Bitcoin Price Surges Past $400 Mark

The bitcoin price has surged past $400 for the first time since mid-October, gaining over 9% today.

AccessTimeIconNov 12, 2014 at 4:17 p.m. UTC
Updated Mar 6, 2023 at 2:59 p.m. UTC

The price of bitcoin has surged past $400, gaining over 9% today at press time.

Last time the CoinDesk BPI closed at over $400 was in late September, although the price briefly hit $409 in mid-October.

For the first nine months of the year the price remained well above $400, aside from the BTC-e flash crash in August and a brief slump in April, likely caused by deposit freezes at Chinese exchanges.

Gradually declining from July onwards, bitcoin reached a low of $319 on the 5th October, by far the worst month of the year in terms of price.

By 14th October the price had rebounded, with the CoinDesk BPI hitting $398. The recovery was short lived, however, and prices tumbled below the $350 mark over the next two weeks.

November started on a low note, with the price hovering in the $320-$325 range for the first few days, before recovering slightly, albeit slowly, on the 9th November.

That morning, the price opened at $344, crossing the $360 mark by the day's close.

Aside from a brief dip yesterday, 11th November, the price has continued climbing, eventually crossing the $400 boundary earlier today.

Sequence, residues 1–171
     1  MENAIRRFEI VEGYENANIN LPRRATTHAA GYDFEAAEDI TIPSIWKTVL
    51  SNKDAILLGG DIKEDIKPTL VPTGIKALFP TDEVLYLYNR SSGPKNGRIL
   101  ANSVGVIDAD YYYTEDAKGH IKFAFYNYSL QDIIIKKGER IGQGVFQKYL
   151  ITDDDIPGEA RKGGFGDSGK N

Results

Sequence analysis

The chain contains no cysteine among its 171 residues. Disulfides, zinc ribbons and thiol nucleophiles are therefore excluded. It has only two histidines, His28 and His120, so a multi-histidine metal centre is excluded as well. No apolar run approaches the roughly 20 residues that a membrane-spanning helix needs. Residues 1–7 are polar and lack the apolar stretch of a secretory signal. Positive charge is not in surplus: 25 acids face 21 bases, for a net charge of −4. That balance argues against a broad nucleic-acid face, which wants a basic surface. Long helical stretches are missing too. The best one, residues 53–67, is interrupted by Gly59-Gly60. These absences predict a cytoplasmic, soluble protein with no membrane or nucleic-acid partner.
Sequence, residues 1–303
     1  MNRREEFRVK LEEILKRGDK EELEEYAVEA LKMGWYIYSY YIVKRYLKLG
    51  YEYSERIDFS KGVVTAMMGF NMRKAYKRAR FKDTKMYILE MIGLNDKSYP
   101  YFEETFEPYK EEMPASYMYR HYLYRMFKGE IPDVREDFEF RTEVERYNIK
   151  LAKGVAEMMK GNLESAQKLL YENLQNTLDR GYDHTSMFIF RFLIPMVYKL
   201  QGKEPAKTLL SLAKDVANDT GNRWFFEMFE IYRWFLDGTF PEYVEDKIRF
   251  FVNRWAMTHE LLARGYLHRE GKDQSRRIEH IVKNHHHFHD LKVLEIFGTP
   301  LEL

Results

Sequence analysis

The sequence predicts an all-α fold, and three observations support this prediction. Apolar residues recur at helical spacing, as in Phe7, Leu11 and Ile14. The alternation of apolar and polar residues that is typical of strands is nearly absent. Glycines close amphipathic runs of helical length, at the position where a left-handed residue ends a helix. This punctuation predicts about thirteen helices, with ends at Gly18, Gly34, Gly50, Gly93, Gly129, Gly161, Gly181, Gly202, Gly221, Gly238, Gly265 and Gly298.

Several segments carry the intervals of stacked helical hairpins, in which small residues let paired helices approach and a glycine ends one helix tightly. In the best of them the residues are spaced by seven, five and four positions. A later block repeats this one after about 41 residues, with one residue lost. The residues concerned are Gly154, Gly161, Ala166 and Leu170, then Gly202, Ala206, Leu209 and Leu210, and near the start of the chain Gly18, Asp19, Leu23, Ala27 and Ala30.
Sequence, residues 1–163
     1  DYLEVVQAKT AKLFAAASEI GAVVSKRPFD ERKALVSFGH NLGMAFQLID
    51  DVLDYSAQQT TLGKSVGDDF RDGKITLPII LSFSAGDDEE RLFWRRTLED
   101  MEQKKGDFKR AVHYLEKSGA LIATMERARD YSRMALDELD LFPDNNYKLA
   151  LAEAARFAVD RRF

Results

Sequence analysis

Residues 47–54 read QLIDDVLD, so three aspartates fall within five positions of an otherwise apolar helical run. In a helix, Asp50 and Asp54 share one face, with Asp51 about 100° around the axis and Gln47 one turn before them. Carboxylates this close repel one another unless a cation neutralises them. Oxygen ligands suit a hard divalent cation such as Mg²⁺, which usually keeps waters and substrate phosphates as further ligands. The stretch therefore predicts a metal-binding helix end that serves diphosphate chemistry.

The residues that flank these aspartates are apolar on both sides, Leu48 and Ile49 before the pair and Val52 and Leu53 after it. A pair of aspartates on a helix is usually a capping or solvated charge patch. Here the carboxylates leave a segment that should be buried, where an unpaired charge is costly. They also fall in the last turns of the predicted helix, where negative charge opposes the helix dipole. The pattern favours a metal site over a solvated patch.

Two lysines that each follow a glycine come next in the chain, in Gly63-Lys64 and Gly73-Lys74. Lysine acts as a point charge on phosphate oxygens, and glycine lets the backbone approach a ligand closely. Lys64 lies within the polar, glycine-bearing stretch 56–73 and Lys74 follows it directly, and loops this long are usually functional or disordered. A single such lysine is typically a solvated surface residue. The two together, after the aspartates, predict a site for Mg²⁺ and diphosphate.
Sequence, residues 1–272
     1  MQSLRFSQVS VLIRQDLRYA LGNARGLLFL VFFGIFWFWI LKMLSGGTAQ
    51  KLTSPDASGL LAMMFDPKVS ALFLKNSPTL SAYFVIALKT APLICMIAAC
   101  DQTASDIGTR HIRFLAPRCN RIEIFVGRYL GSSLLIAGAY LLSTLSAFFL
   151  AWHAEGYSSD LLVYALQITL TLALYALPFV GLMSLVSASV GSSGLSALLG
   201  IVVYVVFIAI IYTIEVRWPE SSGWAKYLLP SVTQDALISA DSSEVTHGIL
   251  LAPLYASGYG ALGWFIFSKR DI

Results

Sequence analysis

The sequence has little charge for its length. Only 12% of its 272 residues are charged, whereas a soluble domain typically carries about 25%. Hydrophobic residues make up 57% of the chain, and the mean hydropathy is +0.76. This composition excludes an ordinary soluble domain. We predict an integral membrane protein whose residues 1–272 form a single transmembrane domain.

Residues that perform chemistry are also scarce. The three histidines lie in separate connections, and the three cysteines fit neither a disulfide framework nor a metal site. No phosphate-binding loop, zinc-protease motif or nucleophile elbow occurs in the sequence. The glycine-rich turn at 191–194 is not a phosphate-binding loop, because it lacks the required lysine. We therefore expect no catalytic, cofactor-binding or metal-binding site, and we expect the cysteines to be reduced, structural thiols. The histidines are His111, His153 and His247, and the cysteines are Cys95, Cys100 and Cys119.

Time for cautious optimism?

It should be noted that the biggest price rally in bitcoin history – rocketing from under $300 to over $1,000 – started almost exactly a year ago to the day.

This spike did not last long, however, and bitcoin's value began falling in December, followed by a protracted period of extreme volatility.

It's always hard, if not impossible, to pin down the exact cause of price changes. Last year’s rally came just a few weeks after the FBI closed illicit black market Silk Road.

While some may argue that the latest rally roughly coincides with the seizure of Silk Road 2.0 and numerous other dark web sites just days ago, it's impossible to correlate the two events for certain.

Other factors suggested by community members include the celebration of ‘Singles Day’ in China, which is known to generate a lot of e-commerce traffic.

Data from Blockchain points to a steady increase in the number of daily transactions, although that change is not followed by a corresponding rise in transaction fees. This, in turn, points to a greater number of non-commercial transactions taking place.

Correction: A previous version of this article omitted the fact that the price of bitcoin had crossed $400 on the 14th October. This has since been corrected.


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